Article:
Space telescopes reveal previously unknown brilliant X-ray explosion in our Milky Way galaxy

October 22nd, 2010 in Astronomy & Space / Astronomy
This is an artist's rendering of the Swift spacecraft with a gamma-ray burst going off in the background. Credit: Spectrum Astro


This is an artist's rendering of the Swift spacecraft with a gamma-ray burst going off in the background. Credit: Spectrum Astro

Astronomers in Japan, using an X-ray detector on the International Space Station, and at Penn State University, using NASA's Swift space observatory, are announcing the discovery of an object newly emitting X-rays, which previously had been hidden inside our Milky Way galaxy in the constellation Centaurus.

The object -- a binary system -- was revealed recently when an instrument on the named MAXI (Monitor of All-Sky X-ray Image) on the Exposed Facility of the Japanese Experiment Module "Kibo" caught it in the act of erupting with a massive blast of X-rays known as an X-ray nova. The MAXI mission team quickly alerted astronomers worldwide to the discovery of the new X-ray source at 2:00 a.m. EDT on 20 October, and NASA's Swift Observatory quickly conducted an urgent "target-of-opportunity" observation nine hours later, which allowed for the location of the X-ray nova to be measured accurately.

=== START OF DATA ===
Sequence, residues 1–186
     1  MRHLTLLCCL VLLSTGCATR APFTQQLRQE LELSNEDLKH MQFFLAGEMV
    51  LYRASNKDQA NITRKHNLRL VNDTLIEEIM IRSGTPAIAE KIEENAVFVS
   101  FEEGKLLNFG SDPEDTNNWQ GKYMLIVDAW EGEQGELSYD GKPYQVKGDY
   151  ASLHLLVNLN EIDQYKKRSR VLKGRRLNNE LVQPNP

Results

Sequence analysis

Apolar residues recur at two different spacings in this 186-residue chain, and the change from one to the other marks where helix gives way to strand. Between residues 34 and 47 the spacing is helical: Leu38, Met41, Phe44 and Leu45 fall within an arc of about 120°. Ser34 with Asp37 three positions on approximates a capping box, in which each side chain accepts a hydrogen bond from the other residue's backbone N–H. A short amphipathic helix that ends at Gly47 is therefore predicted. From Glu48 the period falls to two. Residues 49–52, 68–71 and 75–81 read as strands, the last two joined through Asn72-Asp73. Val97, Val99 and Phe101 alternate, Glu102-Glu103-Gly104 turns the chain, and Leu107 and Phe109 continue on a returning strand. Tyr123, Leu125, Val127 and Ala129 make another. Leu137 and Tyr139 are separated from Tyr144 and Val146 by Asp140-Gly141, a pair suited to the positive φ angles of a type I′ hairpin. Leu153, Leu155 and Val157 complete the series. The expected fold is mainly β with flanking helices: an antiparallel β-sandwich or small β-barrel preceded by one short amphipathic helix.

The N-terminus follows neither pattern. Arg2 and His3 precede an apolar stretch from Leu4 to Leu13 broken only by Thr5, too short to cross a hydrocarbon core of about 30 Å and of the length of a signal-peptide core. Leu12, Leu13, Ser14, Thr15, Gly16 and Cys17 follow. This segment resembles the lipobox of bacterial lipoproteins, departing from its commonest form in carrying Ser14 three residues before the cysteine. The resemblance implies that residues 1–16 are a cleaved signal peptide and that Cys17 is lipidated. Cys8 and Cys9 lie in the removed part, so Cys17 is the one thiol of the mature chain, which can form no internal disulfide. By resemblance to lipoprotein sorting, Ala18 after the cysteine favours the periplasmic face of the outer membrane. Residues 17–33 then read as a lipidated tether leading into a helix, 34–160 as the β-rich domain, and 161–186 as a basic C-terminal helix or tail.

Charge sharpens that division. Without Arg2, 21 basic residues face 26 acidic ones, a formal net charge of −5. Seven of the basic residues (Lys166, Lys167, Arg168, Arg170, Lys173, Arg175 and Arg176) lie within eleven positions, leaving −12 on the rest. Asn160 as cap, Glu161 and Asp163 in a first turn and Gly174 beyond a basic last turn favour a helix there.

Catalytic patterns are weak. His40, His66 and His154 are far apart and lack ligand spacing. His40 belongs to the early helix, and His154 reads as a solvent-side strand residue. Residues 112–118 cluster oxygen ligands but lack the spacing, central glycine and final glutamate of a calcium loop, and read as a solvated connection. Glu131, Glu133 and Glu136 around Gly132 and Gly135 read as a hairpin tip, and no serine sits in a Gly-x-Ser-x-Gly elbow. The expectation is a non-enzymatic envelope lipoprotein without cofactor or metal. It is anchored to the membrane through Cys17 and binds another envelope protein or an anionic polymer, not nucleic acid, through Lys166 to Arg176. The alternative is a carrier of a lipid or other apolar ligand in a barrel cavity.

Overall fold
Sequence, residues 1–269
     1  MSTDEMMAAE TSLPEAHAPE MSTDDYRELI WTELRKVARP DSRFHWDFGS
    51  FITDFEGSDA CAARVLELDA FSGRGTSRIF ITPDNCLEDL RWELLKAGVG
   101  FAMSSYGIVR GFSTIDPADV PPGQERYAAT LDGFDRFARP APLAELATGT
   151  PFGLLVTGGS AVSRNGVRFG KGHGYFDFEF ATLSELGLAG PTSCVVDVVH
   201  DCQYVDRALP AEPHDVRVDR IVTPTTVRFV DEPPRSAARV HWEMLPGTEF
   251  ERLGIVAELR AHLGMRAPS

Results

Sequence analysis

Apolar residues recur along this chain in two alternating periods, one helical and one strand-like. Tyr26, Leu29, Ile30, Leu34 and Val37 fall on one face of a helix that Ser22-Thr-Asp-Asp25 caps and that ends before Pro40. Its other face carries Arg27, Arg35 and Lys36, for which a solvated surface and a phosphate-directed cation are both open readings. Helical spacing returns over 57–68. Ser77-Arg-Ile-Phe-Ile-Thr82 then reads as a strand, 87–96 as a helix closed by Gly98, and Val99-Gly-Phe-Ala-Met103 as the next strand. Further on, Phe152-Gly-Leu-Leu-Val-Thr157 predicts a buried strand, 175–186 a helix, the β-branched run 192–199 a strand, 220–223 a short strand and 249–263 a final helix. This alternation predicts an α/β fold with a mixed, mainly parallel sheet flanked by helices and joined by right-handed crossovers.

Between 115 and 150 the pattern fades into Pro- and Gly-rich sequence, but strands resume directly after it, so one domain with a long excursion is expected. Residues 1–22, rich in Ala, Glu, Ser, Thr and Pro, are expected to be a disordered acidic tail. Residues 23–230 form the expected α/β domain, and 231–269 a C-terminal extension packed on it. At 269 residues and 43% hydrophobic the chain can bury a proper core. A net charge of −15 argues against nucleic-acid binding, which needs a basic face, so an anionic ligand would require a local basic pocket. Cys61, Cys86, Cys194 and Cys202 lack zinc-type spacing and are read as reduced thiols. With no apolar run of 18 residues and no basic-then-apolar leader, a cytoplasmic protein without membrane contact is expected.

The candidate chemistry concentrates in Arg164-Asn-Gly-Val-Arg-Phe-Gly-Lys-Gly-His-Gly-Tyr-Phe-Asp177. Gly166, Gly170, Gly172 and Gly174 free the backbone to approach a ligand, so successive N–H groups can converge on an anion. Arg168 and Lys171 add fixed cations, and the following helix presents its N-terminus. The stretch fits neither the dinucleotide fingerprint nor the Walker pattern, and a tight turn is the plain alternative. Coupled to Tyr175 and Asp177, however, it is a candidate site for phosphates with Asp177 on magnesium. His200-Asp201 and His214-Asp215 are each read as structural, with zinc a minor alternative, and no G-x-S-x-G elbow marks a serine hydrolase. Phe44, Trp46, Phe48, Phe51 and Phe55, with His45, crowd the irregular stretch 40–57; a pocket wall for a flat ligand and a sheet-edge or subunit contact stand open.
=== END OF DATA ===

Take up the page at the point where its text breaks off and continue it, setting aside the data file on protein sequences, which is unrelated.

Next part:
"The collaboration between the MAXI and Swift teams allowed us to quickly and accurately identify this new object," said Jamie Kennea, the Swift X-ray Telescope instrument scientist at Penn State University who is leading the Swift analysis. "MAXI and Swift's abilities are uniquely complementary, and in this case have provided a discovery that would not have been possible without combining the knowledge obtained from both."

The Swift detection confirmed the presence of the previously unknown bright X-ray source, which was named MAXI J1409-619. "The Swift observation suggests that this source is probably a neutron star or a black hole with a massive located at a distance of a few tens of thousands of light years from Earth in the ," said David Burrows, professor of astronomy and astrophysics at Penn State and the lead scientist for Swift's X-ray Telescope. "The contribution of Swift's X-ray Telescope to this discovery is that it can swing into position rapidly to focus on a particular point in the sky and it can image the sky with high sensitivity and high spatial resolution."

This is a view of MAXI attached to the Japanese Experiment Module - Exposed Facility (JEF). This photo was taken during STS-127 / Expedition 20 Joint Operations. Credit: Image courtesy of NASA

"MAXI has demonstrated its capability to discover X-ray novae at great distances," said Kazutaka Yamaoka, assistant professor at Aoyama Gakuin University and a member of the MAXI team. "The MAXI team is planning further coordinated observations with NASA satellites to reveal the identity of this source."

Provided by Pennsylvania State University

"Space telescopes reveal previously unknown brilliant X-ray explosion in our Milky Way galaxy." October 22nd, 2010. http://phys.org/news/2010-10-space-telescopes-reveal-previously-unknown.html